In an otherwise lackluster 2009 Tokyo Motor Show, there’ll be a lot of attention paid to the few new products of any serious merit – and one of those is the eagerly-awaited Toyota FT-86, the rebirth of one of the Japanese giant’s most heralded nameplates.
Officially, the prototype going on display today at Makuhari Messe is nothing more than a show car, but unlike some of the wild and wacky models that have a way of popping up at the biennial Japanese event, then vanishing, never to be seen again, our sources confirm that the FT-86 will reappear in the not-too-distant future, though one of the unanswered questions is which badge it will wear in the U.S.
It’s possible it will make the jump across the Pacific as a Toyota, but it is also possible, we’re told, that the FT-86 concept could show up as the replacement for the Scion tC, the youth-oriented marque’s most sporty model.
That would certainly fit. In prototype trim, the FT-86 revives some of the design cues from the last production car, known to aficionados as the Hachiroku – 86 in Japanese – which was pulled from the Toyota line-up in 1986.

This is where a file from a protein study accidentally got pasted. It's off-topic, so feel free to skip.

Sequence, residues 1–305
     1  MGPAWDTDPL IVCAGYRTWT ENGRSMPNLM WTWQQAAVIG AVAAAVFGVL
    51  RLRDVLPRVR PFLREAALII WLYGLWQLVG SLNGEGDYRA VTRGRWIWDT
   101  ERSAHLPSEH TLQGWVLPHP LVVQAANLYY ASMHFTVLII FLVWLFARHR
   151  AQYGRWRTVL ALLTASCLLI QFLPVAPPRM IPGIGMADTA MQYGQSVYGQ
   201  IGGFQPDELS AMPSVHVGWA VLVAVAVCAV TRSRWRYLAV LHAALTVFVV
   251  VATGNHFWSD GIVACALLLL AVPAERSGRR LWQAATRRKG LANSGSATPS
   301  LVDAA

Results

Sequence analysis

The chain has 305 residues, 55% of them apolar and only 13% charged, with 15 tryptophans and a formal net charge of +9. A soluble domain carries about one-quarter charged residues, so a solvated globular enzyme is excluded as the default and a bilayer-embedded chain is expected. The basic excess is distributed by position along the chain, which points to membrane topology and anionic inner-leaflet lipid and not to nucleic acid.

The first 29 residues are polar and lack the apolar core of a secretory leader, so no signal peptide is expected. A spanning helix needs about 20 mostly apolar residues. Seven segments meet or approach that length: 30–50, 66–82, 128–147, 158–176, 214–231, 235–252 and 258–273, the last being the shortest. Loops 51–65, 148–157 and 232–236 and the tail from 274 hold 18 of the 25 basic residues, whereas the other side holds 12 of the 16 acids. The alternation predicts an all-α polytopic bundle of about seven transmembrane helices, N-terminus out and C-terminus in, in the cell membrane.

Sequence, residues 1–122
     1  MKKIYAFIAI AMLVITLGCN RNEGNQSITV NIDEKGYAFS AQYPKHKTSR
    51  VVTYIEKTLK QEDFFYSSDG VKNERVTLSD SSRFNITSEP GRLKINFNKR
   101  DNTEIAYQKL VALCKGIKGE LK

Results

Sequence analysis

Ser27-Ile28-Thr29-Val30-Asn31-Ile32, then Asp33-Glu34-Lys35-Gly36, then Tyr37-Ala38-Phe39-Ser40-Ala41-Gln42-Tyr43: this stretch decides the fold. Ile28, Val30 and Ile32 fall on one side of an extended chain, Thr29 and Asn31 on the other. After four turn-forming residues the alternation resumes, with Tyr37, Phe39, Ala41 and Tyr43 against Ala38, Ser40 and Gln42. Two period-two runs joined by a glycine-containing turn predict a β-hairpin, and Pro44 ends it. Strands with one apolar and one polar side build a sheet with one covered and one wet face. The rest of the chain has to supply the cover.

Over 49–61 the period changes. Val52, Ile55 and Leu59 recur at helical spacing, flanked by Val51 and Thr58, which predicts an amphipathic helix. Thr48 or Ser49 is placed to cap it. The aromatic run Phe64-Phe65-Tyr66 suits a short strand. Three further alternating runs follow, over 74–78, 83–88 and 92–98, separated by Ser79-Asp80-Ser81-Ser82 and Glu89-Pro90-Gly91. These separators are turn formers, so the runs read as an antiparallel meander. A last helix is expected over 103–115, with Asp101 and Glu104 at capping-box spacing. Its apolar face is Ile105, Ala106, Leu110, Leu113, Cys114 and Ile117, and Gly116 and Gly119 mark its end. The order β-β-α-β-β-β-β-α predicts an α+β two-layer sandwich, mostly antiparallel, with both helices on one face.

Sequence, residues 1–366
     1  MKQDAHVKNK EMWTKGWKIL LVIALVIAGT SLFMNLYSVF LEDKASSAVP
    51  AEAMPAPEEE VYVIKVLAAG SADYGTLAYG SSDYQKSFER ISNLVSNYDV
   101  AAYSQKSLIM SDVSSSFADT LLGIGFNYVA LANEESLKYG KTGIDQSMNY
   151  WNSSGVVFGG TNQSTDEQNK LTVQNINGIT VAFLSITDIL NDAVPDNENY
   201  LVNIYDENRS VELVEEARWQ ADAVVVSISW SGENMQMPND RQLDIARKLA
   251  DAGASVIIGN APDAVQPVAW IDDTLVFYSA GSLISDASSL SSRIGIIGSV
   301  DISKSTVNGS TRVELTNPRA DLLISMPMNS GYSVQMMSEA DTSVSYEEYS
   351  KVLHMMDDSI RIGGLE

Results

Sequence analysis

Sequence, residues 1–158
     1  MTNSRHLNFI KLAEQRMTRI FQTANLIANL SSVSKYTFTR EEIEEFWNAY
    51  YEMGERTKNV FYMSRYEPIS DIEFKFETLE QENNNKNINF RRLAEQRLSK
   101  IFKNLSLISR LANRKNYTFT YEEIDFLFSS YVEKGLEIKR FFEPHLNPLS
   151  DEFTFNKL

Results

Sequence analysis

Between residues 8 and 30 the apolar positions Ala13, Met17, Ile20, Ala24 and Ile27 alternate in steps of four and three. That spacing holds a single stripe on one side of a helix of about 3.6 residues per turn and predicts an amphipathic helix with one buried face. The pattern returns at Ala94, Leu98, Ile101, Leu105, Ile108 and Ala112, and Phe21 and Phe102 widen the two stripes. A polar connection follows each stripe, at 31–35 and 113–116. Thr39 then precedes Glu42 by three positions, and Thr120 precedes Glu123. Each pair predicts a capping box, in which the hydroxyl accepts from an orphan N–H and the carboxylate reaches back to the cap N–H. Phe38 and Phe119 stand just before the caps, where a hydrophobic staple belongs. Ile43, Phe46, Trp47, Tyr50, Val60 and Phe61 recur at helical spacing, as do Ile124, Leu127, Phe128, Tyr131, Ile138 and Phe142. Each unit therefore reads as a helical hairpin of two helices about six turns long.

The most notable detail is the gulping, shark-like grille, which is surrounded by a pair of straked vents. The overall theme is triangular, and though there’s a vague similarity to the Nissan GT-R, the look is a lot less over the top – until you check out the interior, which is exactly what one might expect at the Tokyo Motor Show, down to the zippered CD slot.
While we’ll have to wait for the official news conference for specific details, we’ve learned that it will be fitted with a 200 horsepower 2.5-liter boxer engine.
Yes, that’s right. The engine is sourced from Subaru, which entered into a partnership with Toyota, several years ago, after a controlling stake in the smaller Japanese maker was sold off by General Motors. The FT-86 is the product of the new partnership, and variations of the sporty coupe will be sold by both Toyota and Subaru. The latter, according to reports from Japan, will market an STI edition with the output of that boxer powerplant bumped up to 250 hp. Even more powerful turbocharged versions could follow.
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